New York lawmakers say they'll keep working on efforts to revoke pensions of corrupt politicians after news that ex-Speaker Sheldon Silver could receive as much as $100,000 despite a conviction for taking $4 million in kickbacks.
Silver, a Manhattan Democrat, is eligible for an annual pension of $85,000 to $98,000 because of his 44 years of public service.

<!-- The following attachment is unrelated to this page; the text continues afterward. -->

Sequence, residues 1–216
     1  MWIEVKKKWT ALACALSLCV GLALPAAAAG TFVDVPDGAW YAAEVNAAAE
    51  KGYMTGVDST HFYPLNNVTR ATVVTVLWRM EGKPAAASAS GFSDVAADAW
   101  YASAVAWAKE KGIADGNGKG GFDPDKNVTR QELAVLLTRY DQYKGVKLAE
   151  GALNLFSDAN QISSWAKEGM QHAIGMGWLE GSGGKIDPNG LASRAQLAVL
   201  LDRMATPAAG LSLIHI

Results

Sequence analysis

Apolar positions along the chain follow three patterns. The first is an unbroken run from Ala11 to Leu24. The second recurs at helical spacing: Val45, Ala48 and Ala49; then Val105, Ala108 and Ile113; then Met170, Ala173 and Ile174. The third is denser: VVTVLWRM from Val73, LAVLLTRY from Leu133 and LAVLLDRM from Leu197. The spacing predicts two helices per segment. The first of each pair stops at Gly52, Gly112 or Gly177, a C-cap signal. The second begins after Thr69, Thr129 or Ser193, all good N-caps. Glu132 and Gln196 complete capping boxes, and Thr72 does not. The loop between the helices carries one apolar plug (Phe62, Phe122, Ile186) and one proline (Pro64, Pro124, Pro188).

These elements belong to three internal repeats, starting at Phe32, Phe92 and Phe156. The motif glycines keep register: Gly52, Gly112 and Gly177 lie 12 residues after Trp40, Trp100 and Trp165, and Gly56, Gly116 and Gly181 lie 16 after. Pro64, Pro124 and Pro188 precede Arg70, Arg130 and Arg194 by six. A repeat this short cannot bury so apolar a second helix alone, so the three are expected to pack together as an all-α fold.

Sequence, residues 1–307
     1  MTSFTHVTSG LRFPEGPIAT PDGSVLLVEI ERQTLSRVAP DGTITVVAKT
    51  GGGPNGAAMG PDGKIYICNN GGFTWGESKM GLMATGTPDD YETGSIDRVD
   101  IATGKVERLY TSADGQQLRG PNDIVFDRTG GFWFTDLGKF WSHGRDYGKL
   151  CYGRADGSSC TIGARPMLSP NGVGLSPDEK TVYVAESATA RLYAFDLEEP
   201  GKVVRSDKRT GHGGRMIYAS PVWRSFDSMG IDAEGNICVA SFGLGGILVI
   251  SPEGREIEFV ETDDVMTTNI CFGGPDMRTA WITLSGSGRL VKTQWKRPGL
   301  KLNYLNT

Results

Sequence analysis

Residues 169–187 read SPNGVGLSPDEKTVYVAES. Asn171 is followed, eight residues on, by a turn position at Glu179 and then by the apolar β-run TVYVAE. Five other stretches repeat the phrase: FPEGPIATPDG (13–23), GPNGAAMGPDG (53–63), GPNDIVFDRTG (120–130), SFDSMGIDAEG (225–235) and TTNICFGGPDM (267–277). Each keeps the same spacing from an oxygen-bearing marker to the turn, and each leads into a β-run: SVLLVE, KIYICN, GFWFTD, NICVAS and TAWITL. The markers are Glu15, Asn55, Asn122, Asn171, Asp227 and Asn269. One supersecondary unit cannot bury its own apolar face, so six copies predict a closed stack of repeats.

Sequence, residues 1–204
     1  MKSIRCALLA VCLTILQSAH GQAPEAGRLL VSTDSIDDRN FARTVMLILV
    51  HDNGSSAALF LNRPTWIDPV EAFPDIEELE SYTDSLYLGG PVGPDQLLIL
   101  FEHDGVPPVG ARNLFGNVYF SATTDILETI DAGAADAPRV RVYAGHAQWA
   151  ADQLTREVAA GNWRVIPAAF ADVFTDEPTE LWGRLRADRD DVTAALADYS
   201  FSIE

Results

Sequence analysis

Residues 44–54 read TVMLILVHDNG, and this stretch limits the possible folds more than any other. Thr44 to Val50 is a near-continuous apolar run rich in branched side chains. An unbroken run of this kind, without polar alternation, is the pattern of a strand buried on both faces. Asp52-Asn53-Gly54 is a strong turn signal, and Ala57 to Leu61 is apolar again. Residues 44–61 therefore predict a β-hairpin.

He formally put in for his pension on Tuesday, the day he was convicted.
Lawmakers voted in 2011 to withhold pensions of corrupt officials, but that didn't apply to those who entered the state pension system before 2011.
It will take a voter-approved constitutional amendment to extend that law back to cover long-serving lawmakers like Silver.
Lawmakers will consider putting the question before voters in the 2016 session beginning next month.